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Buying coal, early-mid 20th century


Coal and its importance in the past

coal lumps

Coal was the fuel that once kept the UK and many other countries running. Consequently this website has many mentions of how it impacted on the everyday lives of ordinary people. They are not limited to the above menu, so use the search box on the home page. This page is the introductory one. It describes what coal is, its advantages and disadvantages as a fuel, its huge range of uses in the past and why it is no longer the power house of so many countries. A feature is the contribution from a former coalman on the types of coal sold in the UK in the mid-20th century.


By the webmaster based on firsthand recollections, discussions with others and additional research

What coal is and its advantages in the past

Coal is a black or brownish-black sedimentary rock, high in carbon and hydrocarbons. This makes it burn well and at a higher temperature than wood logs or oil, and is why it used to be the main fuel in the UK, especially as the country had, and still has, large underground reserves. Digging it out, described as 'mining', was a necessary and significant source of employment.

Disadvantages of coal as fuel

In spite of the significant advantages of coal as a fuel, there were equally significant disadvantages. Burning coal produces dirty smoke and carbon dioxide which is dangerous to the environment and a major contributor to global warming and city fogs. Hence the current emphasis on alternative fuels and what is known as 'clean air' and 'net zero'.

Also, digging coal out from underground in coal mines was unpleasant and dangerous work.

Significant uses of coal in the past

Coal was by far the main source of energy in the UK up until the middle of the 20th century. It was used in the home for cooking on kitchen ranges, for heating on kitchen fires and for hot water in the copper. It was also converted into coal gas at local gasworks and in this form used for gas lighting and gas fires, later for gas ovens and much more. It was also the main industrial source of power.

Types of coal

There were different types of coal, depending on where it was mined and how it was treated above ground at the gas works. Most could be bought from the local coal yard.

Types of coal that I delivered in the mid-20th Century UK

• Large coal with 'fools gold' veins running through, called 'Derby Brights', a beautiful burning coal for open grates; some lumps were 12 ins square and were painful to carry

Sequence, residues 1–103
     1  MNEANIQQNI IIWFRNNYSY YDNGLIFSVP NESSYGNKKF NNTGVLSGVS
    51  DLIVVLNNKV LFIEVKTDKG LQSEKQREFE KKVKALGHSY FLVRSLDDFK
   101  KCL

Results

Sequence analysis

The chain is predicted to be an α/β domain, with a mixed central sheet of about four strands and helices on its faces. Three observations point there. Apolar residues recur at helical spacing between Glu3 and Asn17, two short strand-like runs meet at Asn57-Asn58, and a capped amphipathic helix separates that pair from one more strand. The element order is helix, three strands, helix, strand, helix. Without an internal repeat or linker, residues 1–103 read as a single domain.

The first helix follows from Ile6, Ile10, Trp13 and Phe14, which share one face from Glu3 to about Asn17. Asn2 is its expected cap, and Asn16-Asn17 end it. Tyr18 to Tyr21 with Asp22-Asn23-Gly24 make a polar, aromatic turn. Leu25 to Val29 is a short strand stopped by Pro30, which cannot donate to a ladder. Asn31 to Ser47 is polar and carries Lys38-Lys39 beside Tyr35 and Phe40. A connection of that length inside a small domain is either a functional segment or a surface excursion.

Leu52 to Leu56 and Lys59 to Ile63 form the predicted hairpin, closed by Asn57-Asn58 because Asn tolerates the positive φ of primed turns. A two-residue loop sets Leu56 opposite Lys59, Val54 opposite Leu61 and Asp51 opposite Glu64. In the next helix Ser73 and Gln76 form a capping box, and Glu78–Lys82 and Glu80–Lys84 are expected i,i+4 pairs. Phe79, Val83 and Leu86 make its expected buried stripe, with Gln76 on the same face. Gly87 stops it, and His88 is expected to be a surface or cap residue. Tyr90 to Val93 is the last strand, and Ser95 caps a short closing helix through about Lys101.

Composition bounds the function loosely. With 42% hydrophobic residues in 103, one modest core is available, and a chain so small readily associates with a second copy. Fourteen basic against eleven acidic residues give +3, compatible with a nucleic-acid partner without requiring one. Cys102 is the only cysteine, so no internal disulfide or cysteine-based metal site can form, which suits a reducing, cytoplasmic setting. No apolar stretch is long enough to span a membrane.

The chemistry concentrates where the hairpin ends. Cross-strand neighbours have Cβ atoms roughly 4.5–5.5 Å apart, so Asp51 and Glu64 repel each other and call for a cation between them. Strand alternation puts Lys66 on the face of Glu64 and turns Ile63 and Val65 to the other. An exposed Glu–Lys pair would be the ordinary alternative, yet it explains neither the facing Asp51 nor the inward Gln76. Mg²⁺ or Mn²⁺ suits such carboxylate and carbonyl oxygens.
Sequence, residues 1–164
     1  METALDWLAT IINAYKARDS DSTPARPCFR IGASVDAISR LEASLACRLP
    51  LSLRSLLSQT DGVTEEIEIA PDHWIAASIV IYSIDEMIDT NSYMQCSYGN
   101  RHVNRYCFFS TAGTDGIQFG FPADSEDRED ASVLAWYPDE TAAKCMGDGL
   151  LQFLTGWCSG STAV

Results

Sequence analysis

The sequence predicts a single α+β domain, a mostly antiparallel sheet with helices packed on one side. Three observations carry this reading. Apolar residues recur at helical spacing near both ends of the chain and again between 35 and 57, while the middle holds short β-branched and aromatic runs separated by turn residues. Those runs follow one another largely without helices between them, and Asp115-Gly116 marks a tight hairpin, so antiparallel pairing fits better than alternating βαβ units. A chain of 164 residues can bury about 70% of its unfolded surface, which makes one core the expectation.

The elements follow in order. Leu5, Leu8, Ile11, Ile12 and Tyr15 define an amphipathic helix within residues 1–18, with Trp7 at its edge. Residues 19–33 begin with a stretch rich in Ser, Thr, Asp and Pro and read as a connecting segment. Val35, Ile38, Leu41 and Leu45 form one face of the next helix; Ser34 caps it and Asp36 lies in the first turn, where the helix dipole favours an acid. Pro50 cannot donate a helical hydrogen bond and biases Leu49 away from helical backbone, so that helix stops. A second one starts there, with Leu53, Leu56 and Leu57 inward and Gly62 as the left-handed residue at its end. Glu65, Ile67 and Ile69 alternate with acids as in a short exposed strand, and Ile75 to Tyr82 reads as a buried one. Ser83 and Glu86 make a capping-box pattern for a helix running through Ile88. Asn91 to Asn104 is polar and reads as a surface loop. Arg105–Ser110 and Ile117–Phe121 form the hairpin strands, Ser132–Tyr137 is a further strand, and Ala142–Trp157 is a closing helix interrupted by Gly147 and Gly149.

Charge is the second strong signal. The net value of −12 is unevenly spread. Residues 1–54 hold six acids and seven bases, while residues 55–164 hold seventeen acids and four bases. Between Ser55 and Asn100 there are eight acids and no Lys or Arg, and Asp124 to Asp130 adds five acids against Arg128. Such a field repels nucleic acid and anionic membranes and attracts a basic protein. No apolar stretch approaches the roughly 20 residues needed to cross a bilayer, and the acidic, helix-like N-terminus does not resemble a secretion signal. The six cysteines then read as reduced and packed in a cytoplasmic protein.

• 'Coal nuts' which were smaller and used on small kitchen ranges

Coke and boiler fuel

• 'Sunbright singles' (small coke about 25mm) and 'Sunbright doubles' (approx 50mm) for larger boilers

• 'Anthracite', the most expensive boiler fuel

• 'Welsh Nuts' which were similar looking to Anthacite, but duller and a cheaper boiler fuel;

 'Phurnicite', egg shaped moulded lumps, which were very good for boilers, because they burnt to dust, with no clinker left after burning (but very expensive)

Smokeless fuels

• 'Coalite' and 'Cleanglow' which were both excellent for burning, producing less smoke than coal and much easier on the shoulder for carrying.

Terry Martinelli, former coalman

Why is lignite missing from the list?

Older readers might wonder why lignite is missing from the list. The reason is that it is not actually coal. Lignite is a soft, brown sedimentary rock formed from peat. It is often classed as coal, in particular as brown coal, and is often burnt as coal even today.

However lignite is inferior in many respects to the UK's onshore seams of black coal. It burns at a lower temperature, has a higher moisture content and produces more smoke and fumes. Furthermore until the mid-20th century, the UK's far superior black coal was readily available. So there would not have been much call for lignite.

The beginning of the end for coal as a fuel

In 1956 the UK Government passed the Clean Air Act which legislated for zones where smokeless fuels had to be burnt instead of the polluting types of coal, and it relocated power stations to rural areas. Later acts legislated still further against air pollutants.

Conequently, no-one today knows what it was like to live and work in a real fog.

If you can add anything to this page or provide a photo, I would be pleased if you would contact me.

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